Knife Crime - Home Affairs Committee Contents

Annex C: UNCUT meeting notes

We met with staff from the organisation UNCUT, their partners and around 20 children and young people of primary and secondary school age, including former gang members to discuss their experiences of street violence and solutions.

As part of the meeting we watched a DVD made by UNCUT depicting a fatal stabbing scenario that has been shown in London schools over the last six months.

The work of UNCUT

Sean Simms, UNCUT Project Manager, gave a presentation on the work of the organisation. UNCUT was launched in March 2007 to investigate the motivations behind weapon carrying with the aim of changing the attitudes of 10-18 year olds and delivering a range of preventative initiatives which could then be integrated into mainstream services.

An initial consultation was carried out with over 200 young people in North Westminster with the following results:

  • The majority of young people knew someone who carried a knife.
  • Many older boys were aware of gang activity.
  • Many young people did not feel safe.
  • Older girls felt that boys lacked the motivation to do positive activities.
  • Older boys were very pessimistic about effecting change in weapon carrying.
  • Most felt that the police should do more about knife crime.
  • However, the majority would not report incidents to the police or their parents.
  • The main motivations for carrying were protection (self-defence), committing robberies and peer pressure.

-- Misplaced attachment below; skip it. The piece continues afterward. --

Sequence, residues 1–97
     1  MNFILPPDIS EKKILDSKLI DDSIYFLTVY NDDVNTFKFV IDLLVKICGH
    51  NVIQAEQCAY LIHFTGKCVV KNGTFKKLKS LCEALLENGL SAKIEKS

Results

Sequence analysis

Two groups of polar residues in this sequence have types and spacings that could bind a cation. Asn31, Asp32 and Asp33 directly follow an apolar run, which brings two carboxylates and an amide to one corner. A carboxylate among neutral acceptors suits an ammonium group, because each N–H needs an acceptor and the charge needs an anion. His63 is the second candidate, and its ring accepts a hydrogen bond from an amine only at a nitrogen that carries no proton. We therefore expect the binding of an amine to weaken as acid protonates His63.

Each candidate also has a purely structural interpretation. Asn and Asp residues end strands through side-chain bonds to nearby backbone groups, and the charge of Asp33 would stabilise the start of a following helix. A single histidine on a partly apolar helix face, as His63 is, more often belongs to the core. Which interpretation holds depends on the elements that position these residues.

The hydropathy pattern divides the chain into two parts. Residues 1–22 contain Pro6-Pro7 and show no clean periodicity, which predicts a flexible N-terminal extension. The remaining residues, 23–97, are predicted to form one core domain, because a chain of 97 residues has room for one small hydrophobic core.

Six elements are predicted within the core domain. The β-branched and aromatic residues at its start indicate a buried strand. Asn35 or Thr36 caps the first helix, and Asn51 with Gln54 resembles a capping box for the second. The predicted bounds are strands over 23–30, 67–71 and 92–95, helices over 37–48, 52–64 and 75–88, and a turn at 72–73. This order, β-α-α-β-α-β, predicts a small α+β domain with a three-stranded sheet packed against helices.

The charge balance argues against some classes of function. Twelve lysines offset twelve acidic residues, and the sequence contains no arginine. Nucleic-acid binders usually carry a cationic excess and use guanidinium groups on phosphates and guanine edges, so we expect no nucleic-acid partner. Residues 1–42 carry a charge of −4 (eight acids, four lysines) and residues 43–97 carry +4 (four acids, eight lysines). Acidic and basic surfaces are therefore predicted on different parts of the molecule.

• Most felt the situation with regard to weapon carrying was getting worse.

UNCUT then held a series of workshops with young people, in which the following suggestions were made as means of discouraging knife carrying:

  • Talks with relatives of fatal stab victims;
  • Showing videos of stabbings;
  • Role plays;
  • Visits to criminal trials and A&E departments to witness the consequences;
  • Self-defence classes; and
  • Group discussions.

UNCUT now carries out the following work:

  • School assemblies focused on fatal stabbings;
  • Workshops on conflict management, young people and the law, the aftermath of knife crime, and the UNCUT Parents' Programme; and
  • One-to-one mentoring.

UNCUT has worked with approximately 1050 young people in total.

The group sessions are an opportunity to engage with young people, to increase awareness and to build their skills in dealing with situations. Following these, a Further Intervention Assessment is carried out, involving parents, and if deemed necessary one-to-one sessions are held to build confidence and change attitudes and behaviour. Referrals are also made to Youth Inclusion and Support Panels, school counsellors and so forth.

Discussion point: Is "the street" becoming more violent?